In this week of firsts, we consider the women who first ran for major party nominations in the United States: Margaret Chase Smith and Shirley Chisholm.
Margaret Chase Smith
Margaret Chase Smith won her first seat in the House of Representatives in a special election after her husband, Clyde Smith, died in 1940. One week later, she was already fighting to serve as more than a placeholder when she went up against four male rivals for the primary nomination to retain her seat. She won that battle, and served four terms in the House. Smith moved on to the Senate in 1949 as the first woman elected to both houses of Congress. At that time, Smith was the only woman in the Senate. Although other women were appointed or elected to fill vacancies resulting from deaths, it was another decade before another woman was elected to the Senate and served a full term.
“Senator Margaret Chase Smith” Local Identifier: 306-PS-50-2756 (NAID: 6802716)
As a senator, Smith quickly claimed the national spotlight when she publicly condemned McCarthyism on June 1, 1950. In her “Declaration of Conscience” speech, Smith decried the baseless accusations that were being lobbed about the Senate and defended “basic principles of Americanism” such as “the right to criticize” and “the right to hold unpopular beliefs.” Smith also disparaged the Truman administration and called instead for unity in issues of national security. The speech led many to speculate that she could be a vice-presidential candidate.
A day in the life of Senator Margaret Chase Smith as she considered whether to run for president.
When Margaret Chase Smith decided to run for president in 1964, it was with apparent reluctance. Her principles dictated that she not miss time on the job as a senator, nor would she accept donations for her campaign. In addition, she planned to staff her campaign with only volunteers and would not run ads on television or radio. Clearly this was not a winning strategy, and so Smith’s run for president was largely symbolic. Despite that, Smith won nearly thirty percent of the vote in Illinois, one of two states where she actively campaigned. She also won votes in Massachusetts, Oregon, and Texas, where she had no campaign presence. At the national convention in July, Smith became the first woman to have her name put forth for the nomination of a major party, and garnered the votes of 26 delegates.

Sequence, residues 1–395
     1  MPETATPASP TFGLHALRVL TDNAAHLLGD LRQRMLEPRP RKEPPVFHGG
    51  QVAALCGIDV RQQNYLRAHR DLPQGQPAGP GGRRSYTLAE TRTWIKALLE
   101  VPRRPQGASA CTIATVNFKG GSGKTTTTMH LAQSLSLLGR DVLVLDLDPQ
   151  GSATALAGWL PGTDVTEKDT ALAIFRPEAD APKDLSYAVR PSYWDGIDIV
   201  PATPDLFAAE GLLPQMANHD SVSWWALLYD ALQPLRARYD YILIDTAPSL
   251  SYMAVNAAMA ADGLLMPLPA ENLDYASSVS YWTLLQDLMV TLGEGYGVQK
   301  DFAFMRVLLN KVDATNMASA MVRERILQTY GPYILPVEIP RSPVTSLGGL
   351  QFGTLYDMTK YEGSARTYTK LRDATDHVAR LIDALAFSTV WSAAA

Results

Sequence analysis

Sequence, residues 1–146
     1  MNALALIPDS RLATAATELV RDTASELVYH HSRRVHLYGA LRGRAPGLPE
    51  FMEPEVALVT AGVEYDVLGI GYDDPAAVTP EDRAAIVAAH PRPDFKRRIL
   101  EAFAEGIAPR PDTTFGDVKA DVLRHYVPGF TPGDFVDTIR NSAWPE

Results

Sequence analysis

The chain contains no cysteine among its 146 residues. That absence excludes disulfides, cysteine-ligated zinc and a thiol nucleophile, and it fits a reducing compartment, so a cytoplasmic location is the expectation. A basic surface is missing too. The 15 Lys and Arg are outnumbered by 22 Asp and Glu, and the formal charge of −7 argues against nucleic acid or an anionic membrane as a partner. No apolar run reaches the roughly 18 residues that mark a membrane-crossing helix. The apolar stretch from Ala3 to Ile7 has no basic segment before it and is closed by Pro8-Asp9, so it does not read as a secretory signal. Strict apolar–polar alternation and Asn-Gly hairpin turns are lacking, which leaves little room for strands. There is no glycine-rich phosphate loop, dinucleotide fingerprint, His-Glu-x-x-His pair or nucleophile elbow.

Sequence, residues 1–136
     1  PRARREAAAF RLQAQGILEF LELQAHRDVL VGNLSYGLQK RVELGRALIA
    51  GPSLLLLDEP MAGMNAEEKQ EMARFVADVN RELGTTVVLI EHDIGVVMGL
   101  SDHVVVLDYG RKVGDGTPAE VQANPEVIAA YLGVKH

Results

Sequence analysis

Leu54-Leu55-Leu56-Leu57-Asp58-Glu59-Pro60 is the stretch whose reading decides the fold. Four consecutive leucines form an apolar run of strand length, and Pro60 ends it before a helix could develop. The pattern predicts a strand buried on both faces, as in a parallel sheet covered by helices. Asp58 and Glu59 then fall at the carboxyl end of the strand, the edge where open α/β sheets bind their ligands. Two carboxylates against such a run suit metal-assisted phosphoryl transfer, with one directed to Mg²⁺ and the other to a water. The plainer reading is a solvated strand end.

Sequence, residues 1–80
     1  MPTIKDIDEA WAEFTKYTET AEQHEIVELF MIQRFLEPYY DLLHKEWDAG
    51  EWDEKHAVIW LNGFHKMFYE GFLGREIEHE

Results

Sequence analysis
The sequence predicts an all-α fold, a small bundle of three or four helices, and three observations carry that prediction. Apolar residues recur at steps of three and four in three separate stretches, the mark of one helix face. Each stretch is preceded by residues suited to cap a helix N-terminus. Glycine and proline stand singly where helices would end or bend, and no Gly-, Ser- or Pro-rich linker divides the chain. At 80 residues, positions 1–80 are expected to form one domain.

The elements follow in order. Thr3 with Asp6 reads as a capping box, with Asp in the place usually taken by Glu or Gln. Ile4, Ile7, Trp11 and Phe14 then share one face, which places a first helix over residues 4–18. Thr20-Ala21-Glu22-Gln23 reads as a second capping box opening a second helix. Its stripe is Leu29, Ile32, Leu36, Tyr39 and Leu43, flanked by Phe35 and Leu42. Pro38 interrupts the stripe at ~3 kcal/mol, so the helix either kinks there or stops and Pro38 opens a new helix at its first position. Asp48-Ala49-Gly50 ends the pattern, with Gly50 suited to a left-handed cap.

The lead story in this Universal newsreel shows Senator Smith announcing her run for president at the Women’s National Press Club on January 27, 1964.
Barry Goldwater ultimately won the Republican nomination in 1964, and was defeated by Lyndon Baines Johnson in a landslide. Margaret Chase Smith continued to serve in the Senate until her defeat in the 1972 election. In total, Smith served more than 32 years in Congress.
Before being elected to the New York State legislature in 1964 (only the second African-American woman to serve in that body), Shirley Chisholm spent nearly two decades in early childhood education. That experience drove much of her political career as she fought for the creation of the Special Supplemental Nutrition Program for Women, Infants, and Children (WIC), federal funds to support childcare, and defending the national school lunch program from a veto by President Gerald Ford.
Shirley Chisholm, shortly after her election to Congress in 1968. Local Identifier: 306-PSC-68-3539 (NAID: 7452354)
In 1968, Shirley Chisholm became the first African-American woman elected to the House of Representatives. Chisholm was controversial from the start; in her first speech on the floor, she spoke against the war in Vietnam and vowed that she would not vote to approve military funding.
Just as Margaret Chase Smith’s political career was coming to an end, Shirley Chisholm launched her own historic run for the White House. Chisholm was the first black woman to run for the Democratic nomination. Her campaign was divisive, as prominent feminists and black activists backed the seemingly more-electable George McGovern over Chisholm. Chisholm frequently said that she faced more discrimination for her sex than for the color of her skin. Still, Shirley Chisholm’s name appeared on the primary ballots of twelve states and she won ten percent of the delegates at the national convention.
In this clip, from a longer film called Accomplished Women (1974), Shirley Chisholm states that she would be surprised if there were not a woman president within 25 years.
George McGovern won the Democratic nomination and was defeated by Richard Nixon. Shirley Chisholm served seven terms in the House of Representatives before retiring to private life.
For more records featuring Shirley Chisholm, see “Unbought and Unbossed: Shirley Chisholm and the 1972 Presidential Run,” from Rediscovering Black History.